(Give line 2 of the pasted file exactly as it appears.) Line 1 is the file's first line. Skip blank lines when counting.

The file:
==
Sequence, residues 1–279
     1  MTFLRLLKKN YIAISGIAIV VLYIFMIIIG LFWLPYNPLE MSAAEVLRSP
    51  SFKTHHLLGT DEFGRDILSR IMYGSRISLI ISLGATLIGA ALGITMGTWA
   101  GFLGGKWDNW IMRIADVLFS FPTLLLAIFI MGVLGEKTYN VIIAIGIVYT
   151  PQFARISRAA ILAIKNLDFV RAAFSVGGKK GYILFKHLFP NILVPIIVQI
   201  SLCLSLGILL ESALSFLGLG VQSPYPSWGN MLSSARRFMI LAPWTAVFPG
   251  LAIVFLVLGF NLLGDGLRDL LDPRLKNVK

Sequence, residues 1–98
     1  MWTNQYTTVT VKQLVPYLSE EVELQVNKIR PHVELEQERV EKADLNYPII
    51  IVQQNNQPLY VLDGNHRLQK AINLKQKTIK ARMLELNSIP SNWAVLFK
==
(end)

     1  MTFLRLLKKN YIAISGIAIV VLYIFMIIIG LFWLPYNPLE MSAAEVLRSP